Las Vegans are subjected to a non-stop barrage of commercials and advertisements from people and companies promising principal reductions through loan modifications. However, the majority of loan modifications do not include a principal reduction.
The majority of loan modifications come in three different forms:
- The lender reduces your interest rate to no lower than 2%;
- The lender increases the term of your loan to thirty (30) or sometimes forty (40) years from the date you sign the agreement; and
- The lender MAY forbear on a portion of the principal or, in layman’s terms, the lender will not charge interest on a portion of the loan. However, the borrower will owe whatever the forbear amount is at the time the house sells or at the end of the term of the new loan. In some cases a lender may blend these tools to modify your loan.
The goal of any loan modification is to reduce the amount due and owing on the home plus any costs relating to taxes, HOA, and insurance to an amount of 31% of your gross income OR to an amount that is affordable to you.
For example, a borrower’s gross income is $6,500 per month and the mortgage plus taxes, insurance, and HOA is $2,500 month at an interest rate of 6.25%. The outstanding principal balance of the loan is $400,000. Therefore, the lender must reduce the monthly mortgage payment plus taxes, insurance, and HOA to $2,015 ($6,500 X 31%). If taxes, insurance, and HOA equal $300 per month then the lender must change the terms of the loan so that a payment on the principal amount of $400,000 will equal $1,715. This can be accomplished if the lender reduces the interest to 3.5% and changes the term length of the loan to thirty (30) years from today.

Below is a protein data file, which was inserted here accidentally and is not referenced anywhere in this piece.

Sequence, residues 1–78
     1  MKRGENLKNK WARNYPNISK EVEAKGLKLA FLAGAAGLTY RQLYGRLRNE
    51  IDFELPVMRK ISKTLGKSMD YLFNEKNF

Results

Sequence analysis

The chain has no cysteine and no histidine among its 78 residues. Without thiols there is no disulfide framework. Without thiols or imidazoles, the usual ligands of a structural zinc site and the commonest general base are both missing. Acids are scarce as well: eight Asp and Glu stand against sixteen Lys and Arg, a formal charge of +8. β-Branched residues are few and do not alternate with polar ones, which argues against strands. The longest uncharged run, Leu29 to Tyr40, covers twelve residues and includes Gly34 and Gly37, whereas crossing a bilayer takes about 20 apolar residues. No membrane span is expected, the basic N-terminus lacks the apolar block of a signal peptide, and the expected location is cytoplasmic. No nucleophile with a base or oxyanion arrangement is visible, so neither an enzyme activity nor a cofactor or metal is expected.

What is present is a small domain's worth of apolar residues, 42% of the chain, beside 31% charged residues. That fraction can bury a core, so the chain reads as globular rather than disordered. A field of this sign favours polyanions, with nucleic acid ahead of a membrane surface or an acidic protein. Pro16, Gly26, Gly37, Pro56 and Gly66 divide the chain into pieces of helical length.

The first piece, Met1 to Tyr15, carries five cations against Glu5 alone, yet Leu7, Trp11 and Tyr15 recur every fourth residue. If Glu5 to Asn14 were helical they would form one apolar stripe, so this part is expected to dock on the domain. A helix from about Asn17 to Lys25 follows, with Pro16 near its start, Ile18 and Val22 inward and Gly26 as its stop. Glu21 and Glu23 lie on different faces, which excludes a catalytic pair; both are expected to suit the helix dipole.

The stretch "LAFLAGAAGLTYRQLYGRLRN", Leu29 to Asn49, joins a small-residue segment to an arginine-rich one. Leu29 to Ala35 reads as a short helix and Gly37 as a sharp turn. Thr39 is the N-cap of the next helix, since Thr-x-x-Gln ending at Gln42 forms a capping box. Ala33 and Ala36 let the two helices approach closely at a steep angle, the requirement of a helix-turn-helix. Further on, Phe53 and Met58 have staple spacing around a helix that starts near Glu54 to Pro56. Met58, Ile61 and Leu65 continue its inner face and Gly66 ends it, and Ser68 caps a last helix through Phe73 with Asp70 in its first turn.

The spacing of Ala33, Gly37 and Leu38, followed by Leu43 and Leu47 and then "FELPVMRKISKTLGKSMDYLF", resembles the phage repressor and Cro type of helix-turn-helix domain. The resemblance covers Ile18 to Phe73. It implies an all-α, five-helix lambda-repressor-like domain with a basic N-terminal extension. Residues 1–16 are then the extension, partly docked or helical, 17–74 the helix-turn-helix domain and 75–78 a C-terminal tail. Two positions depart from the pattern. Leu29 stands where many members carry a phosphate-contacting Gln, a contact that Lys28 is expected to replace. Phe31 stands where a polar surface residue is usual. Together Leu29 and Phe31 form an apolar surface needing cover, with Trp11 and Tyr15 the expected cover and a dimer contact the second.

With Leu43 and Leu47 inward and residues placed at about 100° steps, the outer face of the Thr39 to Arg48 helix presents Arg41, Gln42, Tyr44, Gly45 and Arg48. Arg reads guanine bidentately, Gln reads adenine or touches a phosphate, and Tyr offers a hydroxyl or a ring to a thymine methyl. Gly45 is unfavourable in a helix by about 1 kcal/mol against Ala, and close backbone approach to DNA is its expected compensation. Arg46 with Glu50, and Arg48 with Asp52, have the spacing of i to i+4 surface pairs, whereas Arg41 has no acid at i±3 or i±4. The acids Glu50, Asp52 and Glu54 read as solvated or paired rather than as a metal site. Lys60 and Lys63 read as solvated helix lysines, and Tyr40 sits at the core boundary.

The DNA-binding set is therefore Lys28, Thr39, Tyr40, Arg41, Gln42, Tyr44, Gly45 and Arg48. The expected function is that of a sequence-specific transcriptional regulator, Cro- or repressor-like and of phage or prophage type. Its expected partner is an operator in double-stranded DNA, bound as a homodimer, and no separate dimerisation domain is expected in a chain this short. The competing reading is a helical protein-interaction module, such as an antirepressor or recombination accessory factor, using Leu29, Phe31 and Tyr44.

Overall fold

A successful modification is not always the outcome. If, in the above example, the homeowner’s gross income was only $4,200, the lender would reduce the monthly mortgage payment plus taxes, insurance and HOA to $1,302 ($4,200 X 31%). Again, the taxes, insurance and HOA equal $300 per month. Therefore, the lender must change the terms of the loan so that a payment on the principal amount of $400,000 will equal $1,002. These payment adjustments are not possible without either a principal reduction or forbearance on the principal of the outstanding due and owing. Lenders are very reluctant to allow either of these options.
Declaring chapter 13 bankruptcy may also be able to reduce or eliminate many other debts, including a second lien on a property which is something no loan modification can do. Chapter 13 can stop a foreclosure and allow a borrower up to five years to catch up on the missed payments. Many homeowners are able to catch up on their missed payments if they are given the time to do so. Modifying a loan directly with a mortgage company will normally allow a matter of months, not years, to spread out the missed payments.
Knowing all the options makes for a more informed decision. A good attorney can, and will, freely discuss which option is a better solution for you.
Randy M. Creighton, Esq.